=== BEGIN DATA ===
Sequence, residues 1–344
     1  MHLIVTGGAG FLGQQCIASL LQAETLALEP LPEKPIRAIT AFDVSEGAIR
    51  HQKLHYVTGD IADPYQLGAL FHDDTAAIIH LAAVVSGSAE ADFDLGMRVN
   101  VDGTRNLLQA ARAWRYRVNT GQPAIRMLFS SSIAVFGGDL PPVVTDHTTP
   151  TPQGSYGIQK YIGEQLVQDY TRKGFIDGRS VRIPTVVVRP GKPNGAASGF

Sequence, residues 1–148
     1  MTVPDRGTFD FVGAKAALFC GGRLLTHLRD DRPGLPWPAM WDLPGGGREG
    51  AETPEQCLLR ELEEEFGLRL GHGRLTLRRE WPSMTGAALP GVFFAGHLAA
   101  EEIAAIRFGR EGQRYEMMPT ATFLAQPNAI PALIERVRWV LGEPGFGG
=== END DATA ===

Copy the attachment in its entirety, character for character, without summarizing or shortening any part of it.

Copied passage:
Sequence, residues 1–344
     1  MHLIVTGGAG FLGQQCIASL LQAETLALEP LPEKPIRAIT AFDVSEGAIR
    51  HQKLHYVTGD IADPYQLGAL FHDDTAAIIH LAAVVSGSAE ADFDLGMRVN
   101  VDGTRNLLQA ARAWRYRVNT GQPAIRMLFS SSIAVFGGDL PPVVTDHTTP
   151  TPQGSYGIQK YIGEQLVQDY TRKGFIDGRS VRIPTVVVRP GKPNGAASGF

Sequence, residues 1–148
     1  MTVPDRGTFD FVGAKAALFC GGRLLTHLRD DRPGLPWPAM WDLPGGGREG
    51  AETPEQCLLR ELEEEFGLRL GHGRLTLRRE WPSMTGAALP GVFFAGHLAA
   101  EEIAAIRFGR EGQRYEMMPT ATFLAQPNAI PALIERVRWV LGEPGFGG